The Internet of Things, or IoT, has been a big consumer trend for a couple of years now, and we are starting to hear increased interest in IoT from B2B companies. The ability to access and interact with remote technology has multiple implications for support, and some companies started with enabling remote control of mobile devices. But at TSW I heard a lot of discussion about leveraging IoT infrastructure, such as LogMeIn’s Xively, to streamline access to log files stored in OnPremise hardware or software. I used some TSIA Support Services Benchmark data in my Power Hour, showing that Customer Log Files were rated the most useful resource in resolving service incidents.
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The challenge has historically been how to access these log files, and there was often a delay as customers dumped the log files and FedEx’d a disk, or uploaded to DropBox. With more technology being internet enabled, companies are investigating how to leverage IoT infrastructure to connect to these log files in real time during a support session. With remote data now at your fingertips, I hope to see more investment in proactive monitoring and self-healing features, which customers are willing to pay an uplift for since you are essentially guaranteeing uptime.
In my Power Hour, I also discussed creating a virtual knowledgebase, using intelligent search to index and search all knowledge and content repositories and return a filterable list of matches. I showed examples of three TSIA members who have used this approach to create elegant and highly useful customer self-service sites: Broadsoft, Tricentis and Informatica. This generated a lot of 1:1 meetings to talk about the ultimate self-service portal, what features to include, how to measure self-service success, etc. An important point here is that while the search box may be the most important feature to offer, it is actually intimidating to novice users, who aren’t sure what to search or how to phrase a question. Companies with the most successful self-service do use case analysis to determine which features customers want, and this usually involves index trees (which appeal to analytical types), FAQ lists (which appeal to more novice users), and even automated agents or chat bots (great for new users who don’t know where to start). I also discussed basic UI paradigms for self-service, such as maximizing “above the fold” real estate on the portal, and minimizing scrolling and clicks.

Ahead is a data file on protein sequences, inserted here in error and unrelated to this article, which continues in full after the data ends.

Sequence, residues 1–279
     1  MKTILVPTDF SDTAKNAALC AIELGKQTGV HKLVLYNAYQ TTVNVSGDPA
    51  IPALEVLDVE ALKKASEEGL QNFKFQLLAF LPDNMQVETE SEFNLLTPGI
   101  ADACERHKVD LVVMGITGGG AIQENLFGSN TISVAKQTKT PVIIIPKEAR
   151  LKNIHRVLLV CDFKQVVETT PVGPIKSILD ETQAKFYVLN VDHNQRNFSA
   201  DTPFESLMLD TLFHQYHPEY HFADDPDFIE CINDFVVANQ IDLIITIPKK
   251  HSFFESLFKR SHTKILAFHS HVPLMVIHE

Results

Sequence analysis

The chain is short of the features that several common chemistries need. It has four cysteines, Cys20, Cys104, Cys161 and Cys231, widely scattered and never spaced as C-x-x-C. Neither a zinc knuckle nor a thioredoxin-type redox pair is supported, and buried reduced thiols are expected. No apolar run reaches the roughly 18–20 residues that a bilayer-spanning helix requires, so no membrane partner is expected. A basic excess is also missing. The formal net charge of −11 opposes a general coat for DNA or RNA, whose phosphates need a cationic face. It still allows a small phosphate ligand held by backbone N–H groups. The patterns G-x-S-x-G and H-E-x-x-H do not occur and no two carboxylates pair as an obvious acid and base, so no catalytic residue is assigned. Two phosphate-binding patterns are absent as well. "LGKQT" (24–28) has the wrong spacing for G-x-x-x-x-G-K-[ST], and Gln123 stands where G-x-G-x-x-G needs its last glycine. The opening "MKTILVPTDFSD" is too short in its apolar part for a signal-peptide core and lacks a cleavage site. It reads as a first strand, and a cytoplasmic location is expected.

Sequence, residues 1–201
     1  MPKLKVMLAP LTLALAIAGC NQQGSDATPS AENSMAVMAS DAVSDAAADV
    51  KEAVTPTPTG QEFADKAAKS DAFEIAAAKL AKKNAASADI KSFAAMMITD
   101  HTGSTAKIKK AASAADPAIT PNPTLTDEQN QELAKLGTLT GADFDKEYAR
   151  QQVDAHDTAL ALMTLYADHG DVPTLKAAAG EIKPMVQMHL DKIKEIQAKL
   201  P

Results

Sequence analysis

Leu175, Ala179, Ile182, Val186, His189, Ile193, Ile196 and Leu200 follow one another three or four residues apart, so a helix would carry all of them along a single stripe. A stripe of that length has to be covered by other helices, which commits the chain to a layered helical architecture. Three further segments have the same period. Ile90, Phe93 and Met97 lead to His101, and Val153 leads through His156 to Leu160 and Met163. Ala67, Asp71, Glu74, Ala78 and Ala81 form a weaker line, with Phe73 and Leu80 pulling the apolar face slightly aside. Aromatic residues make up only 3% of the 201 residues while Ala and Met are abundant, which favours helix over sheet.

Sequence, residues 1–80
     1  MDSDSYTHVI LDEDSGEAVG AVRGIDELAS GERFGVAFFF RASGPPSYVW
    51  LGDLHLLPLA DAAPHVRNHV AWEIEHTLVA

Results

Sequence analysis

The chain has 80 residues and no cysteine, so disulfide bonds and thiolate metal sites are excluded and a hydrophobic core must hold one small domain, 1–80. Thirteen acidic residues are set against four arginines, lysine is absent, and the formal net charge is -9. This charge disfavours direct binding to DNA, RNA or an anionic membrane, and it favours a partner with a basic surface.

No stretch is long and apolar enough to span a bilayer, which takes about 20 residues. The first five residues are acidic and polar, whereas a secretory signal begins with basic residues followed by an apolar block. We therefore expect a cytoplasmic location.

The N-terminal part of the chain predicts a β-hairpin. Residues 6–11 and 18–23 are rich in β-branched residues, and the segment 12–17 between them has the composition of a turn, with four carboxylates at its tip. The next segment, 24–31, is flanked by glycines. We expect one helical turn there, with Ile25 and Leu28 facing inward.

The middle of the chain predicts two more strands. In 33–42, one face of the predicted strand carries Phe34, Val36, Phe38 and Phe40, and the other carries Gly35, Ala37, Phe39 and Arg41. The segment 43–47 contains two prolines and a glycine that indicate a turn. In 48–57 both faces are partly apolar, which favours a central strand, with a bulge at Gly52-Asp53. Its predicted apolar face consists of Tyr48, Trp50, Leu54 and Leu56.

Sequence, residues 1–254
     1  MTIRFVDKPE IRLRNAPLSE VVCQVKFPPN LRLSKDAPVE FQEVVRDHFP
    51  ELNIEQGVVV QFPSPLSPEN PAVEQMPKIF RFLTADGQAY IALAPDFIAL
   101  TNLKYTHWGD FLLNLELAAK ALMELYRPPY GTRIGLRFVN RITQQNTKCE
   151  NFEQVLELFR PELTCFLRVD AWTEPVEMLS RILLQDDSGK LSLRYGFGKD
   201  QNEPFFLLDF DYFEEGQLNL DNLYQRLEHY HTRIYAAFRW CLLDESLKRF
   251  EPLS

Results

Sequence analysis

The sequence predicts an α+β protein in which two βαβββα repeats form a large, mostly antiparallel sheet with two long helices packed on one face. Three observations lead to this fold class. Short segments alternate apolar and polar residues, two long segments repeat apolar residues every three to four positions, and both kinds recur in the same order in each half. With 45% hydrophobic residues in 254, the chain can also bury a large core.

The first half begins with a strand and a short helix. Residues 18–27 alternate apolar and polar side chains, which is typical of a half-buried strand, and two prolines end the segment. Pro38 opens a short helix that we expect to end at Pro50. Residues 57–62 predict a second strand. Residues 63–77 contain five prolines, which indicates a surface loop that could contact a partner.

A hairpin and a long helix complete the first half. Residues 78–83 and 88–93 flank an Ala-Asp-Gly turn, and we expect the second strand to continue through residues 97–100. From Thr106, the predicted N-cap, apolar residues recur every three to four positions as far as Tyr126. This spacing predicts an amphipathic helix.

Thanks to everyone who took the time to schedule a 1:1 with me at TSW, and for all the helpful feedback I’ve received about my sessions.
Post Date: November 5, 2015
John Ragsdale is the distinguished vice president of technology research, for TSIA. His area of expertise is in creating strategies for improving the service operations and overall customer experience by leveraging innovative technology. Ragsdale drives TSIA's highly regarded technology research agenda, delivering insightful, thought-leadership research and analysis on the most pressing business issues facing services leaders to enable them to better plan and execute their service strategies. He is also author of the book, Lessons Unlearned, which chronicles his 25-year career inside the customer service industry.